That battle originated in the open science movement, and includes attempts to write data access and research transparency standards (DA-RT) into the ethics guide of the American Political Science Association (APSA) and encourage the major journals in the field to make authors abide by those standards (Journal Editors Transparency Statement [JETS]).
Though there’s generally been a push to make information more freely available, these efforts haven’t been universally embraced. “There was huge pushback against these initiatives,” said Kapiszewski, “Journals were key to the underpinning of DA-RT because they had the power to refuse publication unless scholars shared their data or could explain why they couldn’t do so. Something like 1,200 qualitative scholars signed a letter saying ‘You’re not thinking this through.’”
Ethical Considerations of Sharing Data
One thing that political scientists agree on—they have ethical obligations to protect all human participants they study.
This guiding philosophy is inherent to the Henry A. Murray Research Archive, housed at IQSS, which was founded in 1976 and named for the Harvard psychologist known for developing personality theory. That archive now houses 350 datasets. Among its vast holdings are longitudinal studies in disciplines such as criminology and psychology.
Holland and other researchers like her can derive great benefit from access to well-curated data. Without that curation, data can be difficult to find, use, and interpret
“We get all the boxes, we clean it, we organize it, we make sure things match, like the codebooks, the numeric files, and we check the paper data inventory for every single box of data and every single subject with every single measure, whether it’s missing or not,” said Sonia Barbosa, Manager of Data Curation for the Harvard Dataverse Repository and Manager of the Murray Archive. “We put subject numbers on everything and store content in acid-free boxes, and then we digitize it,” to provide organized access to the material both online and on site.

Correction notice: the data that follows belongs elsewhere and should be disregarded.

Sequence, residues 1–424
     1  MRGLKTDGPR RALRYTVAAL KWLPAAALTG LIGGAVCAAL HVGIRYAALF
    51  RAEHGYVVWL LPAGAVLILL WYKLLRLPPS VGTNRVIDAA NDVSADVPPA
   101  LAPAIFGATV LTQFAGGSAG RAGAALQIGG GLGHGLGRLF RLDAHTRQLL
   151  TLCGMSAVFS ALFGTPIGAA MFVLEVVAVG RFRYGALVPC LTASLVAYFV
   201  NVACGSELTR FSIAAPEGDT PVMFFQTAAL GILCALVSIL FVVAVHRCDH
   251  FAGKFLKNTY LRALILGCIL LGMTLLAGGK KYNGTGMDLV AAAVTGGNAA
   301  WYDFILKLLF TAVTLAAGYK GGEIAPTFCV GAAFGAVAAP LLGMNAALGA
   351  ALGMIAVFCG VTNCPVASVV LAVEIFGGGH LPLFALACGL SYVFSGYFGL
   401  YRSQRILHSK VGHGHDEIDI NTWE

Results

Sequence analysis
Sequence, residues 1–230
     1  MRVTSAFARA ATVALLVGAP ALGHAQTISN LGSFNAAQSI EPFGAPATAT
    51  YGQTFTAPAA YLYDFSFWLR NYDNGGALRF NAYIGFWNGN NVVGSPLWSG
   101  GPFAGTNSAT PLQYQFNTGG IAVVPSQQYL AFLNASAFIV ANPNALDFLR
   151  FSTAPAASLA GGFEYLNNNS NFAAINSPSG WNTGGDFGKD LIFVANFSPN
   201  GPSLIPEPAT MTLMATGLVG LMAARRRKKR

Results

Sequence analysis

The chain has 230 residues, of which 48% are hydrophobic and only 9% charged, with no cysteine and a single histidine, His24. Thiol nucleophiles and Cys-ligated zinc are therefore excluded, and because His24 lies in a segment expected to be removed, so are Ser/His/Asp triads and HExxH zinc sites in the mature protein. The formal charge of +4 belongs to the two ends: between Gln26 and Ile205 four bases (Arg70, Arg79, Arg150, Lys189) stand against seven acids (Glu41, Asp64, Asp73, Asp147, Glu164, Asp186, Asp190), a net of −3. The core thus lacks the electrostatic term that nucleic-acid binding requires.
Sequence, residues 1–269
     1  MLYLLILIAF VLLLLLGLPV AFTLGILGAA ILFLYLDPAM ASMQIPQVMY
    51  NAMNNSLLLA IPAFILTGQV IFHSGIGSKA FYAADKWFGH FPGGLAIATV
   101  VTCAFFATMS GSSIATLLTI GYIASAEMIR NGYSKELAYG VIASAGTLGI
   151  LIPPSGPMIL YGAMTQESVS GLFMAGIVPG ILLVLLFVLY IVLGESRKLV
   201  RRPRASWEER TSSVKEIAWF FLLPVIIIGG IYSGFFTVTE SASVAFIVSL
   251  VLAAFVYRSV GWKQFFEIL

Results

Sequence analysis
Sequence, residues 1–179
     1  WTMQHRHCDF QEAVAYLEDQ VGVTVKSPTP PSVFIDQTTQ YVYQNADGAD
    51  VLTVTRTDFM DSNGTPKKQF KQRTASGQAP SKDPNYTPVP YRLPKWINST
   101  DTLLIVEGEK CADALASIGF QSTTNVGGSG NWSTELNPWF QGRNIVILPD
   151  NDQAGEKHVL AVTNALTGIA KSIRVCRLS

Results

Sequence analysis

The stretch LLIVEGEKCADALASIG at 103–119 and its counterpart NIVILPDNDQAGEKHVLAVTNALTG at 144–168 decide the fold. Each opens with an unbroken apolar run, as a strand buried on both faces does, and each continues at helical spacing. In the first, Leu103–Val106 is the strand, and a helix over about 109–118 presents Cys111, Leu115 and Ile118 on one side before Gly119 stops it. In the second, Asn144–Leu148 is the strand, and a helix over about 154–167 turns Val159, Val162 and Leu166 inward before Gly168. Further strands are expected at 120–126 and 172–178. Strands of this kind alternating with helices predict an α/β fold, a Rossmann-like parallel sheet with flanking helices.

To access the Murray Archive and the potentially sensitive data it contains, researchers must fill out an application.
“We reject a lot of applications to use the Murray data if we determine that the researcher does not have the experience to handle the sensitive content or take care of it responsibly,” Barbosa said.
Even with these stringent requirements, scholars might refrain from sharing some of their research to protect the people they’ve studied. “I didn’t share all my data files [with QDR],” Holland said. “I noted there were risks to the politicians who I interviewed in terms of admitting they were engaging in illegal behavior.”
Using Qualitative Data to Make Sense of the World
Despite the challenges and complexity in conducting social science research, its goal is “trying to understand and explain and make sense of the world,” said IQSS affiliate Jennifer Hochschild, the Henry LaBarre Jayne Professor of Government at Harvard University and Professor of African and African American Studies.
Some scholars attempt to take all this qualitative knowledge and systematize and structure it even further by engaging in causal quantitative analysis. But because ours is a qualitative existence, many human interactions are difficult to quantify.
“We live our own lives qualitatively. We talk to people, we think, we engage in narratives, we speculate, we use our hands to express ourselves,” Hochschild said.
“It’s the qualitative work that allows researchers to really understand what they are studying—knowing how to frame a question, understanding why you would use certain variables, knowing what the results might or might not mean,” Hochschild added.
In the end, “all social science research is qualitative, and some small (growing) fraction is also quantitative,” said IQSS director Gary King, the Albert J. Weatherhead III University Professor at Harvard University.
It’s the narratives behind the numbers that truly teach us about society.